Harrison, though he couldn't advance much farther, had secured Detroit, and that, combined with his treacherous slaughter at Tippicanoe, would later make him President. Richard Mentor Johnson, who had trained up an elite cavalry unit (nearly every Kentucky regiment was mounted, but only Johnson's were allowed to take their horses into Canada; Mahon, pp. 181-182) and led the charge that won the battle and took part in the slaughter of the Indians, would eventually end up in a presidential race against Harrison in 1836; he was Martin Van Buren's vice presidential candidate, with the absurd campaign slogan "Rumpsey dumpsey, Rumpsey dumpsey, Colonel Johnson killed Tecumseh" (see Samuel Eliot Morison, _The Oxford History of the American People_, p. 454. Johnson almost certainly did not personally kill Tecumseh, but no one knew who had -- his body was reportedly never found, though Hickey, p. 139, talks of soldiers bringing home Tecumseh relics). As a result, Johnson was able to make at least an informal claim to have killed the Indian leader.

So strange was the 1836 election -- which featured three Whig candidates plus Democrat Martin Van Buren -- that, though Van Buren was elected directly, the electoral college did not settle on a Vice President and the matter was settled in the Senate, where the Democratic majority naturally picked Johnson over the leading Whig candidate).

There is a broadside ballad about the Battle of Lake Erie, called "Perry's Victory" or something similar. Ratigan, p. 175, reports, "Considering the ratio of population, the ballad of Perry's victory outold any popular recording of today. It was still a prime favorite at county fairs and other festivals half a century later." But it seems to have left no hold on tradition.

There are few other monuments to the campaign, either. Lake Erie was the first and only true naval battle of the War of 1812 (as opposed to single-ship combats), and because it was a complete victory, there was no real need for further fighting. And, because a ship on the Upper Lakes could not be sent over Niagara Falls, there was no other practical use for the ships, _Lawrence_, badly battered, was not preserved; _Niagara_, after Americans and British reached an agreement to disarm the lakes, was scuttled in Misery Bay (see Michael J. Varhola, _Shipwrecks and Lost Treasures: Great Lakes_, Globe Pequot Press, 2007 [listed as copyright 2008, but I bought my copy in November 2007], p. 44). The cold fresh water preserved her, and she was eventually raised -- but the _Niagara_ sailing now is a replica reassembled based on the raised ship (Varhola, pp. 45-46).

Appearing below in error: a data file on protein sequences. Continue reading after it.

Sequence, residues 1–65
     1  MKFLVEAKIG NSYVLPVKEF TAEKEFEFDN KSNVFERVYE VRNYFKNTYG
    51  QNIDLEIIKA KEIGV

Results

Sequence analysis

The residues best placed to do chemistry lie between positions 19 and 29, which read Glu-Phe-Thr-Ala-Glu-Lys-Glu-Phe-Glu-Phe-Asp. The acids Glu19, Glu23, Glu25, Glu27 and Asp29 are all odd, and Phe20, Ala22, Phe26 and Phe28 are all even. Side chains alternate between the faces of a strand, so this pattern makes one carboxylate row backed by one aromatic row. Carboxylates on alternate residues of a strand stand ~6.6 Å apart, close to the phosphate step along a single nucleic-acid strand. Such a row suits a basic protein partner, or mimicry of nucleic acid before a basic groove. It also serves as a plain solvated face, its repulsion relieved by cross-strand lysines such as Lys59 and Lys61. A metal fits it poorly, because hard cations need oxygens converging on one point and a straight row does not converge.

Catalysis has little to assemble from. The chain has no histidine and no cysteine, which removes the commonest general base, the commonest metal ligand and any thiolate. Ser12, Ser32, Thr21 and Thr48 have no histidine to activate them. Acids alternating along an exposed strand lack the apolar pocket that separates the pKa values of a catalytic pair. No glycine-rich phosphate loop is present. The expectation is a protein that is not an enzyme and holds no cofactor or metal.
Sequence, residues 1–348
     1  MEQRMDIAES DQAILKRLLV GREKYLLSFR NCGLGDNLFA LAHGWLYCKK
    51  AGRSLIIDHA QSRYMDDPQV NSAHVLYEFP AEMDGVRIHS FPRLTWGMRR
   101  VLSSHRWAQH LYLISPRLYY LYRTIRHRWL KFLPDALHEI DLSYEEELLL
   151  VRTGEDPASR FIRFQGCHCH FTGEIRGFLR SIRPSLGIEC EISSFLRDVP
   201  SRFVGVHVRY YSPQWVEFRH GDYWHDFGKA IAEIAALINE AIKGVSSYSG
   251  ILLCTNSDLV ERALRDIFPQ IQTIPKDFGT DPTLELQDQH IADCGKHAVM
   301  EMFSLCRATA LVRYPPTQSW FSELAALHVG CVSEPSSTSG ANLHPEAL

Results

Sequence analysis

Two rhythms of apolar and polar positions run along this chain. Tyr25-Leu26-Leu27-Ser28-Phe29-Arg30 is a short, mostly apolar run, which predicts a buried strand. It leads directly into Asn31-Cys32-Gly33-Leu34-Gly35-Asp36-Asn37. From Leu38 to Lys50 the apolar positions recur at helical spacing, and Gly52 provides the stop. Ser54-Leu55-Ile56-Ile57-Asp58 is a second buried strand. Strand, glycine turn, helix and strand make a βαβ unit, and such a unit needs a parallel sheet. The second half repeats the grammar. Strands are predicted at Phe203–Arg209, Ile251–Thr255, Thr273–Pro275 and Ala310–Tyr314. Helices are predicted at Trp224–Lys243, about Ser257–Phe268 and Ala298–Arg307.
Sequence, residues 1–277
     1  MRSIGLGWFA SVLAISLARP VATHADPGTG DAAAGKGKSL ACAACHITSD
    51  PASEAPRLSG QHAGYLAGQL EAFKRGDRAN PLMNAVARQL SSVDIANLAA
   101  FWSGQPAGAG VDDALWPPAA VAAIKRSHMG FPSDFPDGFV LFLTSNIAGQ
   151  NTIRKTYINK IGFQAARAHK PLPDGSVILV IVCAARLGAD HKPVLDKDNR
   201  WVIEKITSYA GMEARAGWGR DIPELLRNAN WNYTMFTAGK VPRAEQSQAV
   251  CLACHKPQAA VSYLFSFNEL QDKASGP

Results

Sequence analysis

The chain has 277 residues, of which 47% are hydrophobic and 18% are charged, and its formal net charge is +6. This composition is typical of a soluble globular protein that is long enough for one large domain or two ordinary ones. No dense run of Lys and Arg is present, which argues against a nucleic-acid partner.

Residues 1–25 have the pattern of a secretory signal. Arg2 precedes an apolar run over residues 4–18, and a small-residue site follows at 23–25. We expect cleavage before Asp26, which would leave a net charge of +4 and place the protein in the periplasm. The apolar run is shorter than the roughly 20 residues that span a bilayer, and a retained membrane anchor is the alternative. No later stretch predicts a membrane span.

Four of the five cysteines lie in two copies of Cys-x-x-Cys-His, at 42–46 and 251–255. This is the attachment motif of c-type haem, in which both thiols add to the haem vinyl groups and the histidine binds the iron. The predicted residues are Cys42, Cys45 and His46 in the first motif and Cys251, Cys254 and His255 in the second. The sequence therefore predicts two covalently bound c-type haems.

James Bird seems to have been a fairly typical American soldier of the period: Brave, but completely impervious to discipline. After joining the army, he transferred to the marines to escape the regimentation of army life. He showed great courage at the Battle of Lake Erie, but hated the tedium of garrison work, neglected his duties, and was court-martialed and executed at Erie, Pennsylvania. - RBW

Historical references

  • Sept 10, 1813 - Battle of Lake Erie. The Americans under Perry defeat the British.
  • Oct 1814 - Execution of James Bird for desertion while on guard duty

Same tune

  • The Dying Fifer (File: BrII227)

Cross references


  • O. J. Abbott, "James Bird" (on GreatLakes1)
  • Warde Ford, "James Bird" [fragment] (AFS 4202 A1, 4202 A2, 1938; in AMMEM/Cowell)


  1. Laws A5, "James Bird"
  2. Eddy 118, "James Bird" (1 text plus a gragment, 1 tune)
  3. Belden, pp. 296-297, "James Bird" (1 text)
  4. Flanders/Olney, pp. 18-21, "James Bird" (1 text, 1 tune)
  5. FSCatskills 9, "The Kingston Volunteers" (1 text, 1 tune, much more heavily "folk processed" than most other texts)
  6. Warner 17, "James Bird" (1 text, 1 tune)
  7. McNeil-SFB1, pp. 38-41, "James Bird" (1 text, 1 tune)
  8. LPound-ABS, 41, pp. 93-97, "James Bird" (1 text)
  9. JHCox 62, "James Bird" (1 text)
  10. BrownII 221, "James Bird" (1 text)
  11. Rickaby 38, "James Bird" (1 tune, partial text)
  12. Burt, pp. 183-184, "(James Bird)" (1 excerpted text, 1 tune)
  13. Darling-NAS, pp. 158-159, "James Bird" (1 text)
  14. cf. Gardner/Chickering, p. 479, "James Bird" (source notes only)
  15. DT 361, JAMEBIRD*
  16. ST LA05 (Full)
  17. Roud #2204
  18. BI, LA05


Author: James Miner
Earliest date: 1814 (newspaper, "The Gleaner")
Keywords: execution war battle
Found in: US(All) Canada